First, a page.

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Last Updated: Friday, 28 October 2005, 16:15 GMT 17:15 UK
eBay fraudsters sentenced to jail
One of the fake passports used by Nicolae Cretanu
Money transfer should not be for internet transactions, say police
Three Romanians who conned eBay customers out of thousands of pounds have been sentenced to a total of eight years' imprisonment.

The "cell" tricked customers into paying for 300,000 worth of fictitious goods which never arrived.

The man said to be the gang's ringleader, Nicolae Cretanu, 30, of Forest Gate, London, was given a three and a half year term for the fraud.

His wife Adriana, 23, and George Titar, 26, both got two and a half years.

The couple advertised everything from non-existent cars to concert tickets and used 12 aliases and an accomplice to collect the payments.

Their accomplice Titar, of Stratford, London, collected payments from money transfer shops.

Don't use money transfer to send money to anybody who you don't know personally
Chief Supt Nigel Mawer

The two-year scam was successful because buyers on eBay have to pay before they are sent their goods.

People were told by email that they had been unsuccessful in their first bid but were offered a "second chance" to buy a similar item.

But the goods they purchased never arrived and the trio managed to net at least 300,000 from the scam.

The majority of the cash was sent back to the gang's accomplices in Romania in what the police described as a well-planned and sophisticated fraud.

The racket was finally exposed after suspicious staff at money transfer firm Western Union alerted police.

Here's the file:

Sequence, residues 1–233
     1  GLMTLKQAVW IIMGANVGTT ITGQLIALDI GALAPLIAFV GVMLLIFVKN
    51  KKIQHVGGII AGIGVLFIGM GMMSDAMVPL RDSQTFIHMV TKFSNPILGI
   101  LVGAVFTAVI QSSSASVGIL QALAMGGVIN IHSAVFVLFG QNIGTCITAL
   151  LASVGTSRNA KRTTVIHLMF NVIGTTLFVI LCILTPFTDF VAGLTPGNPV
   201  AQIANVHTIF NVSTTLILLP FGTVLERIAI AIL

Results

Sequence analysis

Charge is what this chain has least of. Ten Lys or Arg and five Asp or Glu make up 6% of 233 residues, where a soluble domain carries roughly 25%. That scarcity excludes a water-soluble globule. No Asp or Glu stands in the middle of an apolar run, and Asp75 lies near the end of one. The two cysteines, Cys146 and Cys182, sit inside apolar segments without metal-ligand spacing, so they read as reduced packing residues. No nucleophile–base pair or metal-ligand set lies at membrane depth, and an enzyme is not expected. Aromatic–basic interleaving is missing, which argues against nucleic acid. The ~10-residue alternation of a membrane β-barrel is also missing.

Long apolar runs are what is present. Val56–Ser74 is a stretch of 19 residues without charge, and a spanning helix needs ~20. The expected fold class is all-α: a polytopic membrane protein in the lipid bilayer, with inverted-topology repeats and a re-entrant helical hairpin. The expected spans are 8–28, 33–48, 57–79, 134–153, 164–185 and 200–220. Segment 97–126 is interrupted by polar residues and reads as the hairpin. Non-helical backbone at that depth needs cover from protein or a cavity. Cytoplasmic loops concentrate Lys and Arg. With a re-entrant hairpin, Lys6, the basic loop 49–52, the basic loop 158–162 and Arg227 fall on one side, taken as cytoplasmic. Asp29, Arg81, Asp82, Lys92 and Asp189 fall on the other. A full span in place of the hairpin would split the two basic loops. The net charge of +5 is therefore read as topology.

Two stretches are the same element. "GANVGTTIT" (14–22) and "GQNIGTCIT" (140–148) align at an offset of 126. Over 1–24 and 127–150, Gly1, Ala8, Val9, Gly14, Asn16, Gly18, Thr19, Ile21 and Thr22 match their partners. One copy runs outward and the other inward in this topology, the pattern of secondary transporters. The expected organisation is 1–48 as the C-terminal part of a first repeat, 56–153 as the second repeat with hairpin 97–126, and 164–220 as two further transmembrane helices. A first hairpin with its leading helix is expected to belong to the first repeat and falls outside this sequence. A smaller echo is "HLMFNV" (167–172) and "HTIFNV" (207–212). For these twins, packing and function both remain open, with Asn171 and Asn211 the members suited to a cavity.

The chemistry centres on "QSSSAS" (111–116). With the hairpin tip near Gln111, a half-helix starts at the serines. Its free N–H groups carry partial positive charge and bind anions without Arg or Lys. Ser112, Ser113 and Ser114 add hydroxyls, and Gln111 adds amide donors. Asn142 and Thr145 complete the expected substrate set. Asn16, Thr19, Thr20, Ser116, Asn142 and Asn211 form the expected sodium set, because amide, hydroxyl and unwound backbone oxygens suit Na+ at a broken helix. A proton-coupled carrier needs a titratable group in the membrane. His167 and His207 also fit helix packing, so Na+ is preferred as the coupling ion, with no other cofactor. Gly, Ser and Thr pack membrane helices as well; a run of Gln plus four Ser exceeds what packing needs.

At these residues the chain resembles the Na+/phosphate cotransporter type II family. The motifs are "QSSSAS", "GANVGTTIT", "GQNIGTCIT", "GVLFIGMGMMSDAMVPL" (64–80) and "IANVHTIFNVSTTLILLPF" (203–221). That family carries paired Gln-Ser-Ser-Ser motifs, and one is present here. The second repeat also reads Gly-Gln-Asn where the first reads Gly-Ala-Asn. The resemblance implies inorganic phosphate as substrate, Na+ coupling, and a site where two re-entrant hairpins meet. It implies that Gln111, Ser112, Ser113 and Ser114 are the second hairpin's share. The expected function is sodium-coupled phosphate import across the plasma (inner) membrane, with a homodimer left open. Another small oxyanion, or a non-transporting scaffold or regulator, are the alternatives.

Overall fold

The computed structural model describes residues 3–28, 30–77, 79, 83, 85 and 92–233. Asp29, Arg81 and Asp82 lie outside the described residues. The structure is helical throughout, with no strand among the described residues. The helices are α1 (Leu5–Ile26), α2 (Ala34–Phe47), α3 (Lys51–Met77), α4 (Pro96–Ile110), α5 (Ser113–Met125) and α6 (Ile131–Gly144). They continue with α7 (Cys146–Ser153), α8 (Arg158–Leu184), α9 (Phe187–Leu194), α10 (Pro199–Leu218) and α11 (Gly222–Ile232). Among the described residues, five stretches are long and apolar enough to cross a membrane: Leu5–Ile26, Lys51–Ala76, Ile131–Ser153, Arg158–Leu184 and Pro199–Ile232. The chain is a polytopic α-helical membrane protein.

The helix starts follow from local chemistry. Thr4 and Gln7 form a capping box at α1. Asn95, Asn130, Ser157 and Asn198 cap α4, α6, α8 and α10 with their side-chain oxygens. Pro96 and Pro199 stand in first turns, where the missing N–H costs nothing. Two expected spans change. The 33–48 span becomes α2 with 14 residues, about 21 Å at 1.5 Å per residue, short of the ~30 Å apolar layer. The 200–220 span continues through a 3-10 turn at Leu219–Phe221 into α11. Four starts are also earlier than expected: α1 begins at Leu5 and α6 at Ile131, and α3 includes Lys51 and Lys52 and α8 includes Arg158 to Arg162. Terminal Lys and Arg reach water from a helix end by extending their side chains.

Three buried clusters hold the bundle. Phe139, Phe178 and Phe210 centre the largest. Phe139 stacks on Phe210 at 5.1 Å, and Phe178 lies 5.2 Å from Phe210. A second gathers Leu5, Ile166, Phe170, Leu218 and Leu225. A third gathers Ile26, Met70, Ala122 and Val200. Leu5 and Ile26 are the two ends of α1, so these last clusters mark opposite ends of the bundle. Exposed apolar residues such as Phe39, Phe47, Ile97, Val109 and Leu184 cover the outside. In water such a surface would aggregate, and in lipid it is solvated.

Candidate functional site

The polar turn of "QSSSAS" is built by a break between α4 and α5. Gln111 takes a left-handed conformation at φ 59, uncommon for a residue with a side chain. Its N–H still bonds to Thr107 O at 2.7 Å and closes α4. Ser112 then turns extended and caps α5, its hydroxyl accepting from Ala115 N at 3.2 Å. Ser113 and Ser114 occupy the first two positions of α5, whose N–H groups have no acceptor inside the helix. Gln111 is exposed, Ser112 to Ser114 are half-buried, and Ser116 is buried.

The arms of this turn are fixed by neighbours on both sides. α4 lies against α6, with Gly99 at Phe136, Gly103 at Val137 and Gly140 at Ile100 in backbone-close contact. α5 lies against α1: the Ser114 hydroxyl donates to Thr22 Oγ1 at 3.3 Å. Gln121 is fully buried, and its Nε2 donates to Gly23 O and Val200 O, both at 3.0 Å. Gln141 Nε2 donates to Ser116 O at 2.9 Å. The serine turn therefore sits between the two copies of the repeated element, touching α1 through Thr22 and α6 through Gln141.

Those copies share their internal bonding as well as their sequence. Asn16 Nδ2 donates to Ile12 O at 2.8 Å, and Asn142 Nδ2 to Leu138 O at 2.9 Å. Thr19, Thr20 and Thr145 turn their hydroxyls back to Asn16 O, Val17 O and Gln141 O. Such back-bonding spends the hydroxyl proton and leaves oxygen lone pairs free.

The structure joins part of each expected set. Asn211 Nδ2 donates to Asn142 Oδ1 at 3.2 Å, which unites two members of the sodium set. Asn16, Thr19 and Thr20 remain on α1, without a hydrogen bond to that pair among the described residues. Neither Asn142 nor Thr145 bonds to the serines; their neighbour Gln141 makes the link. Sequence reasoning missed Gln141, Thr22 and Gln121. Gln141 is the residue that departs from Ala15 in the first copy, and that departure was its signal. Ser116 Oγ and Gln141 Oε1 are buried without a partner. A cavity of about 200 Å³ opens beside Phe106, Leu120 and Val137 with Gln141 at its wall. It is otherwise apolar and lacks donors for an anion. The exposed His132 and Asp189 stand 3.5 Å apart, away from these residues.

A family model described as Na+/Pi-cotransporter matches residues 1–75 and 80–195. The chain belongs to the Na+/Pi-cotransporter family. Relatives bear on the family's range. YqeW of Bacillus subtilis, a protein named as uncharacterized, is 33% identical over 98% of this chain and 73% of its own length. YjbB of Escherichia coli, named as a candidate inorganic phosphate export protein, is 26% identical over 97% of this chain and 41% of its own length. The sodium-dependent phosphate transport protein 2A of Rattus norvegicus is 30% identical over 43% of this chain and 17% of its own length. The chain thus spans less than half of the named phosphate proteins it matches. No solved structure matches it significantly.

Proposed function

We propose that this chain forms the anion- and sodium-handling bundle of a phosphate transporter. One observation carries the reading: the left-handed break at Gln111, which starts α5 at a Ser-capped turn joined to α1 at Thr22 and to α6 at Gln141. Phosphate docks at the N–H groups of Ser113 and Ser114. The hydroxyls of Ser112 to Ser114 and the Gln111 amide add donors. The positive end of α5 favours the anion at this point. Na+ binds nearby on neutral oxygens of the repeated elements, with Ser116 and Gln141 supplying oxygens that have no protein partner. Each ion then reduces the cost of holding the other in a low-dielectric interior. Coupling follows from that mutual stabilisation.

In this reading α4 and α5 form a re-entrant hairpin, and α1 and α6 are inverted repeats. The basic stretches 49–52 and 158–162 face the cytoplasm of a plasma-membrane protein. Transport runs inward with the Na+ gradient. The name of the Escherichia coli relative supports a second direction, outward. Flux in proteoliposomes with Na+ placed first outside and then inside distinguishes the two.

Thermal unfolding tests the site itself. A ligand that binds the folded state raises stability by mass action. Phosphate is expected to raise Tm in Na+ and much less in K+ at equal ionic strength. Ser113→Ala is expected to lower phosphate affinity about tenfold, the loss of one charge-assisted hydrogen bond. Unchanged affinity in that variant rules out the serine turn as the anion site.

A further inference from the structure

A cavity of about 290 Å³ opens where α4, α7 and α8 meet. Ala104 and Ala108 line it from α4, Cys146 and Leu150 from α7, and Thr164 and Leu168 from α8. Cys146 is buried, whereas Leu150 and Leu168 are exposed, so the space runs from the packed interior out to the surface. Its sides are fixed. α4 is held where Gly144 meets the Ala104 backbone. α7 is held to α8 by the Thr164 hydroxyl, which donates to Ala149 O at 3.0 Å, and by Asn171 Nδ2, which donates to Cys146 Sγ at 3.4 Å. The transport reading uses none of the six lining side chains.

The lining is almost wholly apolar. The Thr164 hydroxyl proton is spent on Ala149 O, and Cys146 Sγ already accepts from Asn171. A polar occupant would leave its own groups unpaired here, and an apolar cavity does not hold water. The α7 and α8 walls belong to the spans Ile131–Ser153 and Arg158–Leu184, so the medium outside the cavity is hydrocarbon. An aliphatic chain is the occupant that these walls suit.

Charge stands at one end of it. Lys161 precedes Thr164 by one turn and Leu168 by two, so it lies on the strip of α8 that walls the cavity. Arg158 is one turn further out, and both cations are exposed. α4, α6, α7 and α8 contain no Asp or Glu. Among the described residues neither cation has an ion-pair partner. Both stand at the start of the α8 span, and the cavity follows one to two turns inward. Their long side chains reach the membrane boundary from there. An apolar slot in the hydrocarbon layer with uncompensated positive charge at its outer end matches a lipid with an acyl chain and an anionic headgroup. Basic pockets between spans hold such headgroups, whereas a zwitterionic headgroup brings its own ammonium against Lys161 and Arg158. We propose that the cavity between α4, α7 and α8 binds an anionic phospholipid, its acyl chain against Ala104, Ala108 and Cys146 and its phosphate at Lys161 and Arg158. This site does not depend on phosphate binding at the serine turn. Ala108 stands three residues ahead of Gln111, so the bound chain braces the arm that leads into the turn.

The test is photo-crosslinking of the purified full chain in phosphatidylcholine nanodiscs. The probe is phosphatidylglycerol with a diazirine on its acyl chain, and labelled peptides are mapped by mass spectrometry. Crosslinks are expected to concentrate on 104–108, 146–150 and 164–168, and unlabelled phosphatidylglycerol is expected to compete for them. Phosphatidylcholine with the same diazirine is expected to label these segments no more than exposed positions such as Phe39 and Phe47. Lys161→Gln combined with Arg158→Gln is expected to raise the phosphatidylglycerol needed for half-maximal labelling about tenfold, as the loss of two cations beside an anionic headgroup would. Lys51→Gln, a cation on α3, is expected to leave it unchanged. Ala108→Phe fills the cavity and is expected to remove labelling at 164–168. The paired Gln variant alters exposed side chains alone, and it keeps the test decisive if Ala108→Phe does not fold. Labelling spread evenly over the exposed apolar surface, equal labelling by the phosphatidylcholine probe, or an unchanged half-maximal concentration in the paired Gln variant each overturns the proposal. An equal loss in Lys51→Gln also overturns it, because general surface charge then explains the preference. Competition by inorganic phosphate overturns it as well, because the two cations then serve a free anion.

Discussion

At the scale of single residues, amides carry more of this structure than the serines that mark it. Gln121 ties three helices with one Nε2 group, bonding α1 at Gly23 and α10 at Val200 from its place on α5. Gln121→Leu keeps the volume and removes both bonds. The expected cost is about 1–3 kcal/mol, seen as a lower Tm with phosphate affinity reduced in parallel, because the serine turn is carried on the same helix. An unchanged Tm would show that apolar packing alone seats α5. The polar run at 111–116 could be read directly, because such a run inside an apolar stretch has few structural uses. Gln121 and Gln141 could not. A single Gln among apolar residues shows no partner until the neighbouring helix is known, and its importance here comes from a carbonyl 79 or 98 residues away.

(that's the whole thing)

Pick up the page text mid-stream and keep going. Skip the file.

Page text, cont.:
Essentially safe

Chief Superintendent Nigel Mawer who led the operation said the fraud was operated by a "significant cell of Romanians operating in London".

"We believe there were 3,000 victims of this fraud and this type of fraud is still continuing."

He said that up to a 1 billion worth of fraud of this type took place in the UK a year.

George Titar - picture courtesy of the Metropolitan Police
Titar was considered by the police as the gang's "foot soldier"

And he issued a warning to potential internet auction customers: "Don't use money transfer to send money to anybody who you don't know personally.

"It is not designed for that and Western Union support that and work with us on that," he said.

Chief Supt Mawer added that the cell's accomplices in Romania had been arrested and were awaiting trial.

He stressed that internet auctions were essentially safe as long as customers followed the "good guidance" on how to buy safely.

In this case people were duped into not following those rules, he said.

Responding to the case, eBay issued a statement saying it was sorry that anyone had suffered through their association with eBay but pointed out the transactions had not taken place on the internet site itself.

The criminals used the site to gather information and initially to contact their victims but carried out the fraud separately
eBay spokesman

"As soon as we were made aware of them we took action. By working with the police we helped ensure that the prosecutions were successful, showing that crime does not pay on eBay.

A spokesman said: "The criminals used the site to gather information and initially to contact their victims but carried out the fraud separately beyond the protected environment we provide.

"Payments were made using Western Union money transfers, which both eBay and Western Union strongly recommend against.

eBay sign
eBay says it encourages users to report anything suspicious

"In fact, eBay.com in the U.S. has banned payment via Western Union and eBay.co.uk will soon be following suit."

As well as pursuing the gang's "cohorts in Romania", Chief Supt Mawer pledged to pursue asset confiscation procedures against the gang with a view to creating a compensation fund for their victims.

The sentencing comes after the trio pleaded guilty at Middlesex Guildhall Crown Court to conspiracy to obtain fraud by deception and money laundering earlier this year.

Their arrests in May were prompted by an investigation by Scotland Yard's specialist economic crime unit.

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